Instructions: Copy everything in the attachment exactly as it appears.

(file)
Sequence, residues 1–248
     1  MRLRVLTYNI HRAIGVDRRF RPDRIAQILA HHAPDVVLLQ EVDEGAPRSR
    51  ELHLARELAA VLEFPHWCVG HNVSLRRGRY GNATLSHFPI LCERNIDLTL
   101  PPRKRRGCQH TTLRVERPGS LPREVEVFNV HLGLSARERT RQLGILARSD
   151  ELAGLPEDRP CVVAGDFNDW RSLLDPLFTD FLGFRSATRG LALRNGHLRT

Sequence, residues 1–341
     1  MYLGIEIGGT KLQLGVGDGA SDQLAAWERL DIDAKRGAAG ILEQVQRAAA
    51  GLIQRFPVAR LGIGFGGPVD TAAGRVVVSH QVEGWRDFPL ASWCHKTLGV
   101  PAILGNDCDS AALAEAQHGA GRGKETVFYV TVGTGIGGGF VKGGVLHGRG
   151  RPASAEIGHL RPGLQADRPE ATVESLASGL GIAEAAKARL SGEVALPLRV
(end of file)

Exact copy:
Sequence, residues 1–248
     1  MRLRVLTYNI HRAIGVDRRF RPDRIAQILA HHAPDVVLLQ EVDEGAPRSR
    51  ELHLARELAA VLEFPHWCVG HNVSLRRGRY GNATLSHFPI LCERNIDLTL
   101  PPRKRRGCQH TTLRVERPGS LPREVEVFNV HLGLSARERT RQLGILARSD
   151  ELAGLPEDRP CVVAGDFNDW RSLLDPLFTD FLGFRSATRG LALRNGHLRT

Sequence, residues 1–341
     1  MYLGIEIGGT KLQLGVGDGA SDQLAAWERL DIDAKRGAAG ILEQVQRAAA
    51  GLIQRFPVAR LGIGFGGPVD TAAGRVVVSH QVEGWRDFPL ASWCHKTLGV
   101  PAILGNDCDS AALAEAQHGA GRGKETVFYV TVGTGIGGGF VKGGVLHGRG
   151  RPASAEIGHL RPGLQADRPE ATVESLASGL GIAEAAKARL SGEVALPLRV